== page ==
HM Treasury has released a policy statement on its plans to protect the UK’s wholesale cash infrastructure. In recent years the use of cash has declined in favor of cashless transactions, but the UK government is aware of the need to continue to support cash transactions, particularly for older people and vulnerable groups. The government has investigated the use and protection of cash payments in the retail sector, including a consultation on protecting access to cash launched in 2021. The results of this consultation are under consideration .
HM Treasury observes that to support access to cash, the wholesale cash system must be sustainable and resilient. The wholesale payment system consists of a selected group of key market players who facilitate the production and distribution of banknotes and coins. HM Treasury is proposing to give the Bank of England powers to oversee the wholesale cash industry to ensure it continues to operate efficiently, which would be split as follows:
- Market surveillance powers, which would allow the BoE to:
(i) setting objectives for designated entities, for example, high level principles (as approved by Her Majesty’s Treasury) and codes of practice for the operations of designated entities;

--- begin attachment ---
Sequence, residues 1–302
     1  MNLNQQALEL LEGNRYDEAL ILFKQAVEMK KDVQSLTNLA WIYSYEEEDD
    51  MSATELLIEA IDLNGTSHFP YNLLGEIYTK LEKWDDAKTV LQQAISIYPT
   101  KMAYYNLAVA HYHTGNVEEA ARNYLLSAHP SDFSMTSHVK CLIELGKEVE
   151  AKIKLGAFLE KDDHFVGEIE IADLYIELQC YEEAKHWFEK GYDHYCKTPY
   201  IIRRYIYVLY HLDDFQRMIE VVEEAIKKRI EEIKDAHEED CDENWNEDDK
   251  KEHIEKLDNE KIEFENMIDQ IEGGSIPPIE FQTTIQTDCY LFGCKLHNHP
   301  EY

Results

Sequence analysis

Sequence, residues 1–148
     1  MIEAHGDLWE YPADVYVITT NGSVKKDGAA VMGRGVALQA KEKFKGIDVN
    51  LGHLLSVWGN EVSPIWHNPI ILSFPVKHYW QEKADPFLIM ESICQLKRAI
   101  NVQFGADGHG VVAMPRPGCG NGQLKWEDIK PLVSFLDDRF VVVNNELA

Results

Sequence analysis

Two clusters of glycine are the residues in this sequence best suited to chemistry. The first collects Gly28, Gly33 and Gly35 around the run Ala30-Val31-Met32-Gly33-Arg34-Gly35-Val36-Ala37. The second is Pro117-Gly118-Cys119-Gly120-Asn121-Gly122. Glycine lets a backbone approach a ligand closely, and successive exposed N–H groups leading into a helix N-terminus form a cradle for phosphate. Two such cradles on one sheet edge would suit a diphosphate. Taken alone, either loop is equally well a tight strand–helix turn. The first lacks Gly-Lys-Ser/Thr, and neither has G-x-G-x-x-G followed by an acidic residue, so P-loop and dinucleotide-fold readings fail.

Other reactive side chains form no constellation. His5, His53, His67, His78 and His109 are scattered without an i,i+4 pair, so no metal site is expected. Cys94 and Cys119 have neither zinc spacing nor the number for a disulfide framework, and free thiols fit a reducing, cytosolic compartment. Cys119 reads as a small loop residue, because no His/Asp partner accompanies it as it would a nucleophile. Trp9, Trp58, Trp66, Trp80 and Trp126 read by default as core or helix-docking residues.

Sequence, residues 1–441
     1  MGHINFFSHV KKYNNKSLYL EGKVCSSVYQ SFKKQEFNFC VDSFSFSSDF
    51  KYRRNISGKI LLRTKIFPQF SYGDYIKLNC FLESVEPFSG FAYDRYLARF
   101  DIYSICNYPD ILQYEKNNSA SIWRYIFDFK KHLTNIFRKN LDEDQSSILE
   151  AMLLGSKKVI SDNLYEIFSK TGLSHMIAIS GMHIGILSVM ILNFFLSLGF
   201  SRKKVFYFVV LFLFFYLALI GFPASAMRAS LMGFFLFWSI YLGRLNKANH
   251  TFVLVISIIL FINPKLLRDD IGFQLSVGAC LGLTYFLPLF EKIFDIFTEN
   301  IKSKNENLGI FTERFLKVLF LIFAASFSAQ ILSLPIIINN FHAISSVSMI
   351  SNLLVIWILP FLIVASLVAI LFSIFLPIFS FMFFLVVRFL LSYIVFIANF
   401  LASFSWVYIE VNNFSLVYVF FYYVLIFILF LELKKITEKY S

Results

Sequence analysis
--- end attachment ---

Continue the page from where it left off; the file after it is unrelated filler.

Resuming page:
(ii) require designated entities to provide information enabling the bank to form a picture of the market and to keep abreast of possible risks; and
(iii) directing the industry, for example imposing or prohibiting certain actions and requiring the payment of fees (according to a scale approved by the Treasury and Her Majesty’s Parliament) by designated entities to meet their costs of running the scheme.
HM Treasury would determine designated entities for market surveillance purposes, which could include all those who provide wholesale cash business or financial support to such business and any other providers of essential services.
- Prudential regulatory powers, which would allow the BoE to exercise the same powers as under the market surveillance regime but with the objective of managing financial stability risks. It would also apply a special administrative regime if a designated systemic entity becomes insolvent. Note that similar SARs already apply to banks and large investment firms; this is a new regime for systemically important companies in the cash wholesale sector that do not fall under these regimes. HM Treasury would determine the designated entities, which would only be those deemed systemic and not already subject to sufficient alternative prudential regulation. Current market participants are not considered to meet the threshold to be designated under the prudential regime.
- Enforcement powers, allowing the BoE to impose sanctions and take other actions to ensure compliance with its prudential and market surveillance regimes.